We studied 9,220 children referred to a comprehensive mental health crisis stabilization program to examine the impact of caregiver capacity on crisis worker decisions to refer children for intensive community-based treatment as opposed to inpatient psychiatric hospitalization. Due to the different role of caregivers in the child welfare system, analyses were stratified by state custody status. Among both groups, there was a significant inverse association between child mental health need and referral to intensive community-based treatment. For children not in state custody with low mental health need, there was no difference in the likelihood of referral to intensive community-based treatment across levels of caregiver capacity. However, for children not in state custody with medium and high mental health needs, those whose caregivers were deficient or severely deficient were significantly more likely to be referred for intensive community-based treatment than were those who had capable caregivers. Multivariate analyses demonstrated similar results after controlling for potential confounding variables and confirmed that caregiver capacity contributes significantly to the logistic model's classification accuracy. Results suggest further investigation of the impact of caregiver capacity on mental health crisis worker referral decisions is needed.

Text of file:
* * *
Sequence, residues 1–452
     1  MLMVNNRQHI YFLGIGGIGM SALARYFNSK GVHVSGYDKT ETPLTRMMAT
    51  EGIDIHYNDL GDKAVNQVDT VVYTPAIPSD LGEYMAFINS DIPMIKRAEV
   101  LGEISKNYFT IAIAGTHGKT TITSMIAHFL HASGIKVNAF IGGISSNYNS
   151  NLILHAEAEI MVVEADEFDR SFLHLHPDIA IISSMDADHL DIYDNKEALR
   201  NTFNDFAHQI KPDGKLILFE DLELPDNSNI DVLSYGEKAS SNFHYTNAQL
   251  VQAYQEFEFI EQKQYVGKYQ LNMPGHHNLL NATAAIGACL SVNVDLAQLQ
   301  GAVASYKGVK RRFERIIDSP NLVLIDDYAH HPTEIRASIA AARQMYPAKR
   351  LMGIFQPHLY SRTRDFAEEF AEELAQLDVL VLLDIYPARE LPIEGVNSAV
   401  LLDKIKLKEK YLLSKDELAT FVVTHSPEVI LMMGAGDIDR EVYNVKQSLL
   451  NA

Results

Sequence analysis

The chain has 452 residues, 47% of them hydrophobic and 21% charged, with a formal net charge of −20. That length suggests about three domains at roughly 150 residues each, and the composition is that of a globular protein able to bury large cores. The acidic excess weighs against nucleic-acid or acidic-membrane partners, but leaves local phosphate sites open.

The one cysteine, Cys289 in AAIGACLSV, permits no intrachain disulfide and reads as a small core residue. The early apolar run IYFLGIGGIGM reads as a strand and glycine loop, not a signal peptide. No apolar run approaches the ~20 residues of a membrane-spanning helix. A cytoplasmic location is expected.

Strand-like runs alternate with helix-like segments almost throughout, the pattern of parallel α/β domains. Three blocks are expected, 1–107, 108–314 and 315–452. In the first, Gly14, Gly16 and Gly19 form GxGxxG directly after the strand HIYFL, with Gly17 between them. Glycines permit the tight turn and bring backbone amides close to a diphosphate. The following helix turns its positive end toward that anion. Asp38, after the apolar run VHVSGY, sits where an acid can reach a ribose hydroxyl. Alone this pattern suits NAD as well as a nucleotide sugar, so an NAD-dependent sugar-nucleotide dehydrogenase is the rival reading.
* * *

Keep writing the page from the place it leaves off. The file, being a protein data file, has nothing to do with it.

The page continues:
- Caregiver capacity
- Child mental health
- Crisis stabilization
- Intensive community-based treatment
ASJC Scopus subject areas
- Developmental and Educational Psychology
- Life-span and Life-course Studies